The little boy held his Daddy’s hand as he took the big step down from the train. He walked across the platform, stepping carefully on the wooden boards to avoid the tiny gaps. There was no way he was slipping down between them, no sir! There was water down below, sea water! This was Gourock Station on the upper Firth of Clyde where you could get off the train and walk less than 100 yards to the waiting ferry. Such exotic places lay ahead; Rothesay, Dunoon – so exciting!
Fast forward fifty years (yes fifty eek!) and a grumpy old man is saying, “Well Gourock is where we used to get the ferry. How was I supposed to know that it’s now for foot passengers only?” He then grumpily turns the motorhome around, grumpily drives it 10 minutes up the road and grumpily joins the queue for the vehicle ferry… Whatever happened to that fresh-faced excitable little lad, I wonder? Life. That’s what.
Welcome back to Vince’s travels! As we said last time we might be getting out for a wander or two on these shores as Europe is looking less and less likely as a destination this year. Our technique in the past has been to book an odd night here or there but largely wing it in between, finding accommodation as we go. Sometimes it’s a full-on camp site, sometimes a little 5-bay certificated location affiliated to one of the clubs, or sometimes it’s just a handy hideaway off the beaten track.
No such luck post-lockdown I’m afraid. The caravan park where I work is absolutely rammed at the moment; we’ve found that that’s the case all over Scotland right now as folks can’t travel abroad for their traditional holiday. There’s a whole new generation of campers, caravanners and motorhomers getting on the road too. I’ve lost count of the posts I’ve seen online which begin “New to motorhoming – can I just ask how to…” If you’re one of them – welcome! Even Vince has been getting emails asking for advice. He replies to every single one, bless him.
We were lucky to secure the very last pitch available at our overnight stop on the way north at Prestwick. Yes, where the airport is. Where the noisy planes fly overhead. A lot. Actually Prestwick Holiday Park was really lovely. Unusually in these times, the facilities are fully open so we not only had lashings of hot water for showers, we enjoyed a full-on steak dinner with all the trimmings at their clubhouse. Lovely! Before leaving we trespassed all over The Donald’s expensive golf course in Troon, just to capture this photo of Arran across the water for you. I hope you appreciate it. It’s a really great photo, really really great. Probably the best photo, best photo ever – everybody says so, even Fox News.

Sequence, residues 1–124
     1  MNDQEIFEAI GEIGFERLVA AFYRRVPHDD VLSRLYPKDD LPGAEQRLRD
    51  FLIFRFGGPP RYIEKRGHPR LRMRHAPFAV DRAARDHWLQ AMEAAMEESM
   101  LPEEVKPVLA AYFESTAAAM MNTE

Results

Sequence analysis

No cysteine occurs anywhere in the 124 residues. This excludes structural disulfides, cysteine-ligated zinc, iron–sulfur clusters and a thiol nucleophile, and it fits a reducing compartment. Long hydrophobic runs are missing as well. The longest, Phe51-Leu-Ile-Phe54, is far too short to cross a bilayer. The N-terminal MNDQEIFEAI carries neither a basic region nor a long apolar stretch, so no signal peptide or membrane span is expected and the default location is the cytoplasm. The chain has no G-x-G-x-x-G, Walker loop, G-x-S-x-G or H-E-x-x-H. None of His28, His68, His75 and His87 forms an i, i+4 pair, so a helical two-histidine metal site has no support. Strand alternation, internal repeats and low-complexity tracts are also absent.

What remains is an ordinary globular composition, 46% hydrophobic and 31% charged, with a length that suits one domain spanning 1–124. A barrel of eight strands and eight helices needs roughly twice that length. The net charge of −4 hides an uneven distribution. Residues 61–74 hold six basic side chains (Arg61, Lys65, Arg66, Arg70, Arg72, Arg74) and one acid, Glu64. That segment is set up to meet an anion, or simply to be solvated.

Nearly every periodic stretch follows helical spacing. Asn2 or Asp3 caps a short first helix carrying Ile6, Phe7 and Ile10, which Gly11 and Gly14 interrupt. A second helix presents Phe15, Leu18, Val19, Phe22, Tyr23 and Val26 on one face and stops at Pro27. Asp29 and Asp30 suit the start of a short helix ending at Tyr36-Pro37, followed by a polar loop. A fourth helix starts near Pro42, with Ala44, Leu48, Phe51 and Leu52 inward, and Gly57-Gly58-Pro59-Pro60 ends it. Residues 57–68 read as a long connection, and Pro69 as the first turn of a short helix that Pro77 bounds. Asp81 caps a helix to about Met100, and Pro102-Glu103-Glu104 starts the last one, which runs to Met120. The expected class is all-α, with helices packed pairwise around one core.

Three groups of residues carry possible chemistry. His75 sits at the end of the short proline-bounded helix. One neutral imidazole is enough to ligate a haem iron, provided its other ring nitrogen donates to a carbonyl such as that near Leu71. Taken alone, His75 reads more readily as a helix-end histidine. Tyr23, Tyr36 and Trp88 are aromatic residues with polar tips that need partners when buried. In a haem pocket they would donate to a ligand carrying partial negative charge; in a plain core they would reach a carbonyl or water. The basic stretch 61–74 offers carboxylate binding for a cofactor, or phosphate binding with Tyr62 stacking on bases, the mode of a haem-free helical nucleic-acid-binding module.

After Prestwick it was journeying up the map via the Gourock to Dunoon ferry we mentioned above. It’s only a twenty minute sailing but it saved us 70 miles of twisty roads. A well-spent twenty quid, I reckon. At the moment we’re sitting in the sunshine (and er… rather brisk breeze) on the shore of Loch Fyne at Argyll Caravan Park. Like the majority of campsites they’re only welcoming tourers who are self-contained like us. There are no facilities open so you need your own shower and loo. We’re perfectly happy with that, although a token reduction in price would have been nice… We completed the whole transaction by email – including receiving directions to our pitch – we haven’t even met any staff yet!
As an area to visit we can highly recommend it. The roads are quiet, the lochs deep and dark, the mountain names completely unpronounceable. Loch Fyne is well-known for its quality seafood so we took advantage of that at lunchtime today in Inveraray. The haddock was delicious, the banoffee pie even more so. Luckily we had a six mile round trip walk there and back so while it wasn’t exactly guilt-free we didn’t feel we’d over indulged. Well ok, maybe just a bit.
We booked three nights on this site a while ago, to make sure that we definitely had somewhere to stay, but our original plan to head further north to Arisaig was scuppered by the lack of availability at the campsites. We could probably have found a few free-camping spots out of the way somewhere but it doesn’t feel right to do this at the moment. I think there’s some resentment amongst local folks of all these townies coming up here, bringing their germs. We have our own mixed feelings when we see hordes of people invading our beautiful Galloway back home. It’s not good times for anyone at the moment; let’s hope we can get some sort of normality back by next season.
The Scottish Forestry Commission is trialling a scheme this year, where they are allowing small numbers of campervans to use certain forest car parks overnight. We aren’t too far from a couple of those so we’ll give that a try when we leave here the day after tomorrow. We’ll be sure to report back here of course, if the Scottish midges (Latin name: viciousbuggerae pirhanus) don’t strip the flesh from our bones first.
Meanwhile it’s that time again! I can hear the traditional Scottish countryside sounds of ice clinking into a glass and the squeak of a cork easing out of a bottle. Chin-chin, and hopefully we’ll chat again soon 😀
Click or tap any pic to enlarge.